Ainsi, sur la base de questionnaires distribués à 2030 patients dans 47 cabinets médicaux de Suisse romande, l’étude a pu mettre en évidence que 1 patient sur 10 a du renoncer à des soins médicaux (y compris soins dentaires) pour des raisons économiques au cours de l’année précédente.
Ainsi, «Durant les douze derniers mois, avez-vous eu de la peine à payer les factures de votre ménage ?» est la question-clé qui va permettre au médecin (et aux autres soignants) d’ ouvrir la porte à la discussion avec le patient, concernant son éventuelle difficulté à accéder aux soins nécessaires pour des raisons financières.
Article: Bodenmann, P. et al. (2014). Renoncement aux soins : comment appréhender cette réalité en médecine de premier recours?. Rev Med Suisse, 10, 2258-63.
People living with mental illness suffer from many disadvantages in regard with their health status, among others: earlier death, more preventable diseases, tiresome side effects from medications. In addition to this, when seeking health care they often receive lower quality care compared to other patients.
This article points out the obstacles that people suffering from mental health face in regard of accessing health care that is adapted to their vulnerabilities.
The main goal of the article is to formulate recommendations for designing health policies that better take into account the needs of mental health patients and thus tackle inequalities in health.
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L’OFSP vient de publier , dans le cadre du programme “Santé 2020”, un excellent outil de formation disponible gratuitement et en ligne destiné aux infirmiers, aux médecins et au personnel d’accueil.
Interaction et qualité
dans le domaine de la santé
Trois modules de formation avec un test final afin de favoriser des soins de qualité pour tous!
Accéder au module e-learning
Health workforce shortage is becoming an urgent problem in high income countries ( including Switzerland). In order to respond to an increasing need, health workers have been drained from other countries ( including from developing countries).
But when looking at the availability of health workers around the world related to the population needs, there is a great inequity in the distribution of nurses and doctors among countries, which should encourage a more fair distribution of resources and a greater effort in education of health workers across the globe.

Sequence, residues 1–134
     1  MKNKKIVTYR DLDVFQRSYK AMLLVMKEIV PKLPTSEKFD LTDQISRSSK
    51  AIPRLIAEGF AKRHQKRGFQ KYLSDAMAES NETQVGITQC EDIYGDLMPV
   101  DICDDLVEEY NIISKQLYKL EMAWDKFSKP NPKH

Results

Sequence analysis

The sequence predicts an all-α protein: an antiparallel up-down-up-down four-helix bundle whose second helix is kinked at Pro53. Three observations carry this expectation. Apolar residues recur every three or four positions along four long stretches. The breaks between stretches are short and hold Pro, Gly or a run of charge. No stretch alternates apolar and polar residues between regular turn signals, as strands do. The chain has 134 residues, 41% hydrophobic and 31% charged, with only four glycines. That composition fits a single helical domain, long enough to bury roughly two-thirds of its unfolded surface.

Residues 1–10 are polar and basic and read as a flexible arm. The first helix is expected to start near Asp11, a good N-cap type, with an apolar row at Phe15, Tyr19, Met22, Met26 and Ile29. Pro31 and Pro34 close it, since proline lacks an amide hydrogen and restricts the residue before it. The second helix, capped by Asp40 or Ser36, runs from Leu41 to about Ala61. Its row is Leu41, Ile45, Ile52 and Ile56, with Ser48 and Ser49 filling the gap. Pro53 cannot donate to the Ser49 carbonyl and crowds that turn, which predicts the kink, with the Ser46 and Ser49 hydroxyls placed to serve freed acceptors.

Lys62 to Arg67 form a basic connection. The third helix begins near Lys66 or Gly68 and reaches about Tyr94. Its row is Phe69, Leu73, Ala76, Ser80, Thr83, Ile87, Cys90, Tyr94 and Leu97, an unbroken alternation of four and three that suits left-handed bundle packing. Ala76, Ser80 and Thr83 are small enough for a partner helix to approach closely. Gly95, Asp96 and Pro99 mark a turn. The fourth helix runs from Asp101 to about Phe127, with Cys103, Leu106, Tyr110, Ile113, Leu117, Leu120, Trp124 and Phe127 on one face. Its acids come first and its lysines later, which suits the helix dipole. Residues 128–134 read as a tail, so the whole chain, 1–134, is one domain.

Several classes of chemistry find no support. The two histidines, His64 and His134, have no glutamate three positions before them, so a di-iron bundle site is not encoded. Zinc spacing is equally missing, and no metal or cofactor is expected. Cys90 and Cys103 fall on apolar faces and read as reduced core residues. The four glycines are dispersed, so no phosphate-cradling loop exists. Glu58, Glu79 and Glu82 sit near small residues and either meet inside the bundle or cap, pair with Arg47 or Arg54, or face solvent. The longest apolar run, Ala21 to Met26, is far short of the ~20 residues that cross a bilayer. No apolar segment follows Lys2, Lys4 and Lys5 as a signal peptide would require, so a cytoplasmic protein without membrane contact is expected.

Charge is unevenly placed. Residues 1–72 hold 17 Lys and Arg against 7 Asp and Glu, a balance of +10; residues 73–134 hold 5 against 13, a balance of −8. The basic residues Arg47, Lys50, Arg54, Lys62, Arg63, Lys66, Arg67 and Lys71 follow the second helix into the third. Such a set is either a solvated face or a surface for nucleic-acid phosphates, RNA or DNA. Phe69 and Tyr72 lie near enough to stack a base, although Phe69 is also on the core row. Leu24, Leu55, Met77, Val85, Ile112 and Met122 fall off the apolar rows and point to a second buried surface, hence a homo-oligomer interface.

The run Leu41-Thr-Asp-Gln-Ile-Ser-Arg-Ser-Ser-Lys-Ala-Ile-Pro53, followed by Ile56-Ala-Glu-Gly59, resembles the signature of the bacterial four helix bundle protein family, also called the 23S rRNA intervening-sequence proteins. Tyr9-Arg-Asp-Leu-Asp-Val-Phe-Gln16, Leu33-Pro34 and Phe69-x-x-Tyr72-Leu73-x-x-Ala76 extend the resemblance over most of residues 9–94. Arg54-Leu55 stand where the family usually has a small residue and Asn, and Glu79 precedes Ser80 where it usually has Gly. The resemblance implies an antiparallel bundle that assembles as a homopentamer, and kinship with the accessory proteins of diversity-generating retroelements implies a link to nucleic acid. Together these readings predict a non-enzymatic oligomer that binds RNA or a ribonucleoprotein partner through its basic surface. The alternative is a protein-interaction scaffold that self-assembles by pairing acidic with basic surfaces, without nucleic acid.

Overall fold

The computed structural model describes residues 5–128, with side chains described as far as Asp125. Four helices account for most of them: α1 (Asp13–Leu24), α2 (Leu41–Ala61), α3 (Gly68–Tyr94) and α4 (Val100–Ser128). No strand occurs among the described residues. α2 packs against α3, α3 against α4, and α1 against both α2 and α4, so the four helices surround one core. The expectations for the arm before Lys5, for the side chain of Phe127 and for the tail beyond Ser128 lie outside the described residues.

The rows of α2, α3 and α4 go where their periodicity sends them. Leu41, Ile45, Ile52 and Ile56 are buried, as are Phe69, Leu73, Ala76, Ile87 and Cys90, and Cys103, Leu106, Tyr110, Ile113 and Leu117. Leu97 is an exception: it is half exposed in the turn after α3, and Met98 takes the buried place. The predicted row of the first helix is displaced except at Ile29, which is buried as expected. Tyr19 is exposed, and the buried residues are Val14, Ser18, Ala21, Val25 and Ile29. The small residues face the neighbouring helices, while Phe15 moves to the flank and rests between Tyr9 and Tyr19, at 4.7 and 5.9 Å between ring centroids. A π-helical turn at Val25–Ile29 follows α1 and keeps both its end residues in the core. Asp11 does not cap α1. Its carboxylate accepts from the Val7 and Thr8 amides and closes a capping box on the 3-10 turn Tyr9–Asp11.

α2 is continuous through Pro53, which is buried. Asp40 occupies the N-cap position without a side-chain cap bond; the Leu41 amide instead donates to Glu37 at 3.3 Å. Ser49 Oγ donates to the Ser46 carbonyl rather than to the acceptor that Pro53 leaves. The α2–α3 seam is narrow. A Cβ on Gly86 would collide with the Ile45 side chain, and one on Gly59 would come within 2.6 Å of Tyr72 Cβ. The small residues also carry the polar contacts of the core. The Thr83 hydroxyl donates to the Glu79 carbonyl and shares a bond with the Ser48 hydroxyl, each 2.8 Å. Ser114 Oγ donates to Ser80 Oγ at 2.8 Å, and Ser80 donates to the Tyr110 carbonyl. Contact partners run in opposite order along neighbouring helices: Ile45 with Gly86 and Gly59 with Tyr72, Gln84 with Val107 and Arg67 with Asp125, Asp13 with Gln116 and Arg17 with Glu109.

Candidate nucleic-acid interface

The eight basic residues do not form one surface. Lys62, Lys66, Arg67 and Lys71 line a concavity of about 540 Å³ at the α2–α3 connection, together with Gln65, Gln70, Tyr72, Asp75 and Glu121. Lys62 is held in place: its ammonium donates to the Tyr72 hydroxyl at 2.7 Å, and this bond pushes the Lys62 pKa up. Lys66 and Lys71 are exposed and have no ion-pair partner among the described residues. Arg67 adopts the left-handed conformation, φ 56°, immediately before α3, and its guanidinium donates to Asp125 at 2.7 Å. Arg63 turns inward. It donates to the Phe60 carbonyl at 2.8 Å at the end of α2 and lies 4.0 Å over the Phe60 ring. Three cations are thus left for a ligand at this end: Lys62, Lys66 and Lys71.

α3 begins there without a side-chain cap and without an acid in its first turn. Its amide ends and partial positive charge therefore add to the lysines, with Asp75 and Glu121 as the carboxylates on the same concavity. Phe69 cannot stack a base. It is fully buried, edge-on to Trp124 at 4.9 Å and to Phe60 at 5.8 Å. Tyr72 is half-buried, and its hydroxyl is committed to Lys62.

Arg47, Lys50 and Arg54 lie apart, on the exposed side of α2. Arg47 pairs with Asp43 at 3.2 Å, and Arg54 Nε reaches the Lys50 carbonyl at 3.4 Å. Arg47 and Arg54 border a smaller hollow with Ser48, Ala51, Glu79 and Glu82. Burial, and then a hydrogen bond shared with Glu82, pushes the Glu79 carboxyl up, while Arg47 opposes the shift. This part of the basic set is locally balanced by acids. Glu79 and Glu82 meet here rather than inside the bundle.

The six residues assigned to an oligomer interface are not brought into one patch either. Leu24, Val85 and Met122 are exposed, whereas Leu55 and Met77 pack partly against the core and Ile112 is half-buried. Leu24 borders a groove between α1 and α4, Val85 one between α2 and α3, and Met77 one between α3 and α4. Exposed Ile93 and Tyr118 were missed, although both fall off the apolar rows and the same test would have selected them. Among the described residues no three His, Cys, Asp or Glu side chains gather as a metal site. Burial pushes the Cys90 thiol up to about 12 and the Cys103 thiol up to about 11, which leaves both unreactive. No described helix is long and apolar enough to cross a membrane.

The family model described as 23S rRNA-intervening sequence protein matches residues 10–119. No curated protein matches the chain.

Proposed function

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Access to quality health care for all is a universal goal for health.
The way migrant people access quality healthcare services is yet poor.
This metasynthesis pulled together results about barriers in access to health care that were described in quality studies retrieved in the international literature.
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Dr. Terrie Taylor is a medical professor at Michigan State University who spent years studying malaria in Africa. In 2008 she managed to get a Magnetic resonance imaging machines (MRI’s) donated to her project in order to research the reactions going on in the brain of children suffering from severe malaria. access link here
Severe malaria is the kills 600,000 children under five every year worldwide, mostly in sub-saharan Africa. Taylor and her colleagues used the MRI on dozens of sick patients, and they noticed an unmistakable pattern: Children whose brains swelled dramatically and irreversibly died. Children whose brains did not swell – or swelled, but then returned to a normal size – lived.
This discovery is important because it might dramatically increase the chances for children to survive a severe malaria, by administrating drugs to reduce brain swelling. These drugs (corticosteroid) are in the WHO List of Essential Medicines for Children and are likely to be easily accessible in most health centers in Africa.